Lady Titie Audio Playlist
Lady Titie was Born in Bakuli, Kampala, to single mother, Zaali Bajanja, Titie attended Kampala Parents School, Ndejje Secondary School and Taibah High School. Among her seven siblings, she is the only one in
“When I was nominated for the PAM Awards in 2003, I went back home for the first time, since I needed to go with my mother for the ceremony.
I thought she would still be angry with me but she was so happy to see me.”
Luckily, she took the Award for Female Artiste and the Best Live Single Award.
However, her mother urged her to complete her education and to make her happy, Titie studied Bachelor of Science in Accounting at Ndejje University, from 2004 to 2007 but has never practiced. The artiste is protective of her three children, and it helps that they do not like the limelight either.
In 2006, Eddie Sendi, her music manager, told her of an open slot on Beat FM. She was skeptical. “I was not fluent in Luganda and I was not sure I would interact with the listeners. When I got the slot I told the programme manager, Bill Tibingana, that I could not do it.” Tibingana instead encouraged her and being a perfectionist, she pushed herself to meet his expectations. “Looking back, I am grateful to Sendi for pushing me into radio.” Eventually she wrote a proposal to NBS TV to air Titie’s Show.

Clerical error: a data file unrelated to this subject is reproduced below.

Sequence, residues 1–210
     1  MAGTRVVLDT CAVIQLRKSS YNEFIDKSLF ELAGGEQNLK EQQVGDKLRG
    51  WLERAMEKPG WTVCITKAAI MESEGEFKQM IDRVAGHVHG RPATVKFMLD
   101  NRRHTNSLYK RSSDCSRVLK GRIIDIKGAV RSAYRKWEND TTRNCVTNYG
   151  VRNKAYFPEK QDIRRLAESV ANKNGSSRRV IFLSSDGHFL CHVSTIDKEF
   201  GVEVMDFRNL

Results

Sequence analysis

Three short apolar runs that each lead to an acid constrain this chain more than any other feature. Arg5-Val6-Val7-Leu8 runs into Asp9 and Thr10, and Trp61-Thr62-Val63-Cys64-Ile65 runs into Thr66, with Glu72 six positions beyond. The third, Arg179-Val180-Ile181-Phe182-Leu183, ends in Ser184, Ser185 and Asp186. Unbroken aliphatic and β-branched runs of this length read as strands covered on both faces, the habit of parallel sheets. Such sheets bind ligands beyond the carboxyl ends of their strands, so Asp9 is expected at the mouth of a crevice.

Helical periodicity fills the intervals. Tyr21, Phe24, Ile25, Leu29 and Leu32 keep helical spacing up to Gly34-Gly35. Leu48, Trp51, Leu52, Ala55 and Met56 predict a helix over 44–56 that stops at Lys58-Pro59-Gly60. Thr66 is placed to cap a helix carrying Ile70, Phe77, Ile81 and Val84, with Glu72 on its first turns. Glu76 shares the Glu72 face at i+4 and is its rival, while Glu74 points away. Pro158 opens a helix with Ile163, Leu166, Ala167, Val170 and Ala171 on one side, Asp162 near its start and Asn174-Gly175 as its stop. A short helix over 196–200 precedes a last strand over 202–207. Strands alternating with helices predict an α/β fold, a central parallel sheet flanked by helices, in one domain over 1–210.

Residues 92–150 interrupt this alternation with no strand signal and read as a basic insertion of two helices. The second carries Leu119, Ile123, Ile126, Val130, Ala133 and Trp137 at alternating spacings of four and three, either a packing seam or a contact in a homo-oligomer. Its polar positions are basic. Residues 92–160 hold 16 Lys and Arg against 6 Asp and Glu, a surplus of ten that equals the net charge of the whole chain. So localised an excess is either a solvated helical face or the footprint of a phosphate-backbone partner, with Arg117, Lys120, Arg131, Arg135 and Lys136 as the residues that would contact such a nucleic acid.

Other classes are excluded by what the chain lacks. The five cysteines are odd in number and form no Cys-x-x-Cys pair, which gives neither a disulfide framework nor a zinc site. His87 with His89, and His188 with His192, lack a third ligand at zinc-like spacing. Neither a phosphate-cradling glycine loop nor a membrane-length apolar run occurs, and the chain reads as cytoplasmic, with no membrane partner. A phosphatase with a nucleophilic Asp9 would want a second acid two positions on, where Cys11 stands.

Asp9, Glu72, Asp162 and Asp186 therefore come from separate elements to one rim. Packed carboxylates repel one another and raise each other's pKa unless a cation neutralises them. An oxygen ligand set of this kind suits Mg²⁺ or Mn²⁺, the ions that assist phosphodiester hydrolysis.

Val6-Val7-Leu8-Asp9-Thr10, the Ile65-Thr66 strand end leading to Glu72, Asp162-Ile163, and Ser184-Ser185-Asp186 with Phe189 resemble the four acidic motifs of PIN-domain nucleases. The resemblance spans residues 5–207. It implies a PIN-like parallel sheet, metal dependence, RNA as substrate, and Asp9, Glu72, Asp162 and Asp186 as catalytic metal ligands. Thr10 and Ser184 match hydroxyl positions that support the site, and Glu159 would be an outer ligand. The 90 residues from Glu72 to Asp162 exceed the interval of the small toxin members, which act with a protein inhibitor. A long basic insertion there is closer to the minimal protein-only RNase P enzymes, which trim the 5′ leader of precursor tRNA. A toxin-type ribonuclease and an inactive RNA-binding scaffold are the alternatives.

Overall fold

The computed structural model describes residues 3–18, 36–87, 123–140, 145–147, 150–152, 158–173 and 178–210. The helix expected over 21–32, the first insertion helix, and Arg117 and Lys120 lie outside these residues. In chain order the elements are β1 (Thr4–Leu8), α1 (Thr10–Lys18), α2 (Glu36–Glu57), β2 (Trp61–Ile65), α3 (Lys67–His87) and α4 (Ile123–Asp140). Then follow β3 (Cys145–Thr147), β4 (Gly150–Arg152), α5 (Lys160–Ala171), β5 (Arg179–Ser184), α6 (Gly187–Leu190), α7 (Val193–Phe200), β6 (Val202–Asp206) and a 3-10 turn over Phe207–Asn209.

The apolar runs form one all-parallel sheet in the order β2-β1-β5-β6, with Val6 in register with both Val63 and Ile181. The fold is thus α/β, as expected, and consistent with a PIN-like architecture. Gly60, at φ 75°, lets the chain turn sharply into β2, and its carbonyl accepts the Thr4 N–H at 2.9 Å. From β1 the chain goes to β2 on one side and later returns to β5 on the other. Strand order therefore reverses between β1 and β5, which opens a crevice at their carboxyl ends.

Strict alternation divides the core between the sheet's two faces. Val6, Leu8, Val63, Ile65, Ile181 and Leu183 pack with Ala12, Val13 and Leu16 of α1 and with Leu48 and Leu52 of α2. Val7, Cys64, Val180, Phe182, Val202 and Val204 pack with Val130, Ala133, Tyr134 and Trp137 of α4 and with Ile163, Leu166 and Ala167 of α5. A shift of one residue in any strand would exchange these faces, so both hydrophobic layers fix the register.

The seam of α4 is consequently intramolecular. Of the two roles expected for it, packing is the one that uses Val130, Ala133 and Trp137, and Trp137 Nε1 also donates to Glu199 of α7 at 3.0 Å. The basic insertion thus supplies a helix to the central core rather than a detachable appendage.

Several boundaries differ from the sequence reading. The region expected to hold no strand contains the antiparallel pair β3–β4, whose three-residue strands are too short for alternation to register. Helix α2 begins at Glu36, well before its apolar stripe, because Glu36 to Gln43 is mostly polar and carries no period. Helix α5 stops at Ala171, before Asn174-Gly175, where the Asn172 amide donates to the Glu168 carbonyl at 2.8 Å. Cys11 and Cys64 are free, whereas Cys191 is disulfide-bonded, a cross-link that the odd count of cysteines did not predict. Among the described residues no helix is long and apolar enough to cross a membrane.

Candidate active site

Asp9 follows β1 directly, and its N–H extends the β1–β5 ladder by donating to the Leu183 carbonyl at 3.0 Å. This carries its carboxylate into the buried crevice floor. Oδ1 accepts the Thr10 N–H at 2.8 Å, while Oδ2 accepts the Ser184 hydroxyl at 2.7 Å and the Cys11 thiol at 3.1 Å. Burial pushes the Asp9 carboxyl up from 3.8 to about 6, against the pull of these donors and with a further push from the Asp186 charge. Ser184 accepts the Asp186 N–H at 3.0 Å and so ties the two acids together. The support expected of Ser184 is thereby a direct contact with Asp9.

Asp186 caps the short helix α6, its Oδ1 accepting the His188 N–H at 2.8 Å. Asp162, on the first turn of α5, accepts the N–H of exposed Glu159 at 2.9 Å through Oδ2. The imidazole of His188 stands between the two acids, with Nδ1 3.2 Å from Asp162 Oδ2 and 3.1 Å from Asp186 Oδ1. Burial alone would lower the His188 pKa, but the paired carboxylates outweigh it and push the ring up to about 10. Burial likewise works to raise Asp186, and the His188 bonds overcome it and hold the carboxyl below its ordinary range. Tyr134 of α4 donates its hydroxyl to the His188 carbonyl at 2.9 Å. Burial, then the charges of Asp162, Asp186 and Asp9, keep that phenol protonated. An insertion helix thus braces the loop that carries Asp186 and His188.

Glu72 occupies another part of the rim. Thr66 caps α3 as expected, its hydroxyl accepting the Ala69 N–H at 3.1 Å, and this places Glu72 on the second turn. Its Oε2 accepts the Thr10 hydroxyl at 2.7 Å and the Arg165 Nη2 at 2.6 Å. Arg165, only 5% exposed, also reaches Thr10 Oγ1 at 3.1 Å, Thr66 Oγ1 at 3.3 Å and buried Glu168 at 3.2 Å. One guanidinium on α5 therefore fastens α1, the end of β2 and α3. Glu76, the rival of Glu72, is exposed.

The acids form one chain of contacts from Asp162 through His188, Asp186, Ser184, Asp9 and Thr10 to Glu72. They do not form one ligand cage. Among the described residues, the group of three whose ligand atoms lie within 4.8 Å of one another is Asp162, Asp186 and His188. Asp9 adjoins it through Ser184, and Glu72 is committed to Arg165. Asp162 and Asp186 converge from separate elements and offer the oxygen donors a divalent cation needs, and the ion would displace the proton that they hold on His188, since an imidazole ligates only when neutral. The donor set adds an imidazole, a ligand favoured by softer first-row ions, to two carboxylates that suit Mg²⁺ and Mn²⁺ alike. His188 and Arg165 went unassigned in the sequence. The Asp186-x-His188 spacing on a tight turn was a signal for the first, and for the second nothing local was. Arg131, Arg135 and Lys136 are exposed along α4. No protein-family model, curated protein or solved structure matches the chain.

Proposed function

“In the beginning, the challenge was getting people to agree to appear on TV. Unlike now when everyone is eager to appear on the show, at that time there was a lot of stigma attached to it.”
Venturing into music
In 1996, when Titie reached the crossroads in her life, she chose music and run away from home. She took a taxi to Kireka intending to stay with a friend but she failed to locate the house.
“I entered Victoria Club and when the instrumentalists played Let’s Talk About Sex I asked for a microphone and started rapping. The bassist liked my voice and introduced me to the band.”
Not wanting to show her destitute state to her newfound friends, she slept at a bus stop. The band was Tony Ssengo’s and when she arrived in the morning, Akiiki Romeo, a musician, liked her voice when she sang By The Rivers of Babylon.
She was hired as a backup singer, a position she held for two years, living in the band’s communal house. “Those years were unstable. I was earning Shs7,000 per week, and once, after a show, we were not paid and had to walk from Nsambya to Namasuba at 2am, in a heavy downpour, escorted by two collegues.”
Soon, she got chances to sing lead, and eventually left to join Kads Band. It was there that she recorded Neesige Ani and Makanika Wange, her signature hit, before going solo. Makanika Wange and Nsonyiwa Faza were controversial songs, which she claims had nothing to do with her life story. “I had an electrician who was efficient in his work so I built the song around him.”